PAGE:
This article is more than 1 year old
AWS Free Tier, where's your spending limit? 'I thought I deleted everything but I have been charged $200'
Amazon's cloud arm criticised by users facing unexpected bills
Analysis Amazon Web Services has come under fire for lack of hard spending limits on accounts, after some users reported unexpected bills from what they thought were tutorial accounts.
AWS does not have a freemium business model (unlike, say, GitHub or Dropbox), but it does have "free tier" services that cost nothing to use, within their constraints (which may be severe).
The company provides these not out of generosity but to enable experimentation, presumably in the hope that this leads in due course to paying customers. There can be bill shocks though, as the company provides no built-in feature that caps spending to zero or even to a specified amount.
The issue came up earlier this month when cloud architect Forrest Brazeal reported on Twitter about a student who attended a Sagemaker (the AWS machine learning toolkit) tutorial and was sent a $200 bill, saying "I thought I deleted everything but I have been charged $200."
'If you blindly rush in to use an AWS service with the expectation that you won’t be charged, you’re likely to lose a hand'
It is not a new issue though. AWS billing consultant Corey Quinn asked last year, "Is the AWS Free Tier really free", and said, "it absolutely is not … the AWS Free Tier is free in the same way that a table saw is childproof. If you blindly rush in to use an AWS service with the expectation that you won’t be charged, you’re likely to lose a hand in the process."
As we understand it, AWS ran a workshop for several hundred attendees and provided instructions on shutting down instances, but in some cases students left early or did not follow the guidance and mistakenly left them running. AWS support credited these accounts, so in the end nobody should have been out of pocket.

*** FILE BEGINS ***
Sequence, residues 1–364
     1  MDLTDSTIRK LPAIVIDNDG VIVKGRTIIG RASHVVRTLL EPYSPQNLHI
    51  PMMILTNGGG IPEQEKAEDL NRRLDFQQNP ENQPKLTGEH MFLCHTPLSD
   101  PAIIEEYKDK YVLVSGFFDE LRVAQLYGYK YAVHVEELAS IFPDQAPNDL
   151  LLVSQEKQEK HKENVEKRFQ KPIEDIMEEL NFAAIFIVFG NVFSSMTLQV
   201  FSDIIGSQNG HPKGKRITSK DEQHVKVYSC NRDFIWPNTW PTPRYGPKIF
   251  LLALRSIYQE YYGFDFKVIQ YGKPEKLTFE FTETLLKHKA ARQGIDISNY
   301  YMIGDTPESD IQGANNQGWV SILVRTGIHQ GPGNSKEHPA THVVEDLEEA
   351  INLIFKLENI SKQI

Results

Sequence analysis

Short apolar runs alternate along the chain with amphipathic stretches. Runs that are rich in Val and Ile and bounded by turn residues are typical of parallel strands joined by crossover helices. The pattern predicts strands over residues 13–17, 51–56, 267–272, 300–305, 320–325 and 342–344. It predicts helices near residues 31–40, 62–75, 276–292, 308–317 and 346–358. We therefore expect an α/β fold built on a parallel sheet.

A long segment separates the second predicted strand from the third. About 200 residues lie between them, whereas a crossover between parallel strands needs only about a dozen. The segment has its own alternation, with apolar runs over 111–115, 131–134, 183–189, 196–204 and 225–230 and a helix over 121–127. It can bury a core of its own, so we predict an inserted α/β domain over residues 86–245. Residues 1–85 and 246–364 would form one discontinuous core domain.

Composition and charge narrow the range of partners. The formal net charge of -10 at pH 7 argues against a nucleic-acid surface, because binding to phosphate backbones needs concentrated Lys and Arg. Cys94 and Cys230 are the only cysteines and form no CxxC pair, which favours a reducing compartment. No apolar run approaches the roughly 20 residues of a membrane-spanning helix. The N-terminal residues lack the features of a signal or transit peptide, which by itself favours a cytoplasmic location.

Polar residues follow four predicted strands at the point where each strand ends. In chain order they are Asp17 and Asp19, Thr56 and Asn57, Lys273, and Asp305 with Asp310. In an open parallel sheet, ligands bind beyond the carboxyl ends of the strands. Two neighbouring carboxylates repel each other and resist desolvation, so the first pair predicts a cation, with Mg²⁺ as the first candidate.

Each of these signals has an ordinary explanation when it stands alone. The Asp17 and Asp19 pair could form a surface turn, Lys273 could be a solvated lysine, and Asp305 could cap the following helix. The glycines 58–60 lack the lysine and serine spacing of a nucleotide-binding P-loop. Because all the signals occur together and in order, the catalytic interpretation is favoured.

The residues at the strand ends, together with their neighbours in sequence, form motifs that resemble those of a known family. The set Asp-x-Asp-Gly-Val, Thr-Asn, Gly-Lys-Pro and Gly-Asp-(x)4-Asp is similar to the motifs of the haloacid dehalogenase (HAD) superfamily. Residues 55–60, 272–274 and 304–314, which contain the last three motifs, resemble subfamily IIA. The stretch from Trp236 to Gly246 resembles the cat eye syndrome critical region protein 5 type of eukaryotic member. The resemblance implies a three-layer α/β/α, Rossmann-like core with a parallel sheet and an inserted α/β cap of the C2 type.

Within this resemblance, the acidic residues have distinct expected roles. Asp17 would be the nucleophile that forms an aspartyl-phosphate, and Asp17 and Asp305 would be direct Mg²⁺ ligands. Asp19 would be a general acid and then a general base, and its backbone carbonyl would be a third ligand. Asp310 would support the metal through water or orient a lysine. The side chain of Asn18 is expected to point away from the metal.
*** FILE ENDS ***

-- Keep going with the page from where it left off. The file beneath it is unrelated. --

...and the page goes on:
It is not only novices that can get caught out. AWS Chief Evangelist Jeff Barr ran up unexpected charges when he "created a DB cluster for testing, but I was logged into my personal AWS account, not my official one. Time to talk to support," he said.
Oops! Created a DB cluster for testing, but I was logged in to my personal #AWS account, not my official one. Time to talk to support, and to use a budget (already had an alarm for half of my usual bill, which fired mid-month as expected). pic.twitter.com/YKEVysYDBh— Jeff Barr ☁️ (@ 🏠 ) 💉 (@jeffbarr) March 3, 2021
There's no limit
Contacting support with a sob story is all very well, but why not have accounts that have hard spending limits so this cannot happen?
AWS does provide mechanisms for preventing cost overruns, primarily via email alerts which users can configure. It is even possible to set up automation so that the billing alert will automatically shut down instances, though this is relatively advanced (given that free tier issues are often encountered by novices).
There are caveats though: "If you launch more AWS resources than the AWS Free Tier covers in a short period of time, you can exceed the AWS Free Tier limits before AWS can proactively notify you about exceeding the AWS Free Tier usage limits," the docs explain.
According to Quinn, "due to the massive complexity that is the AWS billing system — billing alarms are on a one-day delay (give or take a few hours) and many dollars short of your actual usage to that point."
What AWS calls the free tier actually has three types of offering. Trials are short-term and transition to paid services; 12-month offers are in effect longer trials; and always free offers never expire.
One of the issues, though, is that using a single AWS service is rare: generally users will use several services together, and the company's tutorials naturally encourage this. Some of those services may be free, others may cost – and careless acceptance of defaults can mean relatively high costs.
Google Cloud Platform has similar issues and solutions, though it does offer guidance on automatically disabling spend over an entire account by turning off billing, which disables all services. A request to "limit spend per project by day/week/month" has been "under review" since 2015.
Microsoft Azure is perhaps the best in this respect. There is a feature called spending limit that disables all services once reached, and this is applied by default to free trial accounts.
- Microsoft revokes MVP status of developer who tweeted complaint about request to promote SQL-on-Azure
That said, the spending limit cannot be applied to pay as you go accounts such as are likely to be used in production, only to various offers aimed at test and development. The full list is here.
Anxiety over the free tier is something that students rather than enterprises suffer, but that does not make it unimportant. Controlling costs is something that every business needs to do, and the ability to set hard spending limits on accounts could be a useful part of that for test and development. Why is it not on offer?
The official line may be to avoid the risk of production applications being disabled unexpectedly, but provided the feature is optional, this should not be a problem. It is surprising that the issue has not been properly addressed.
The Register has asked AWS why there is no spending caps on accounts. ®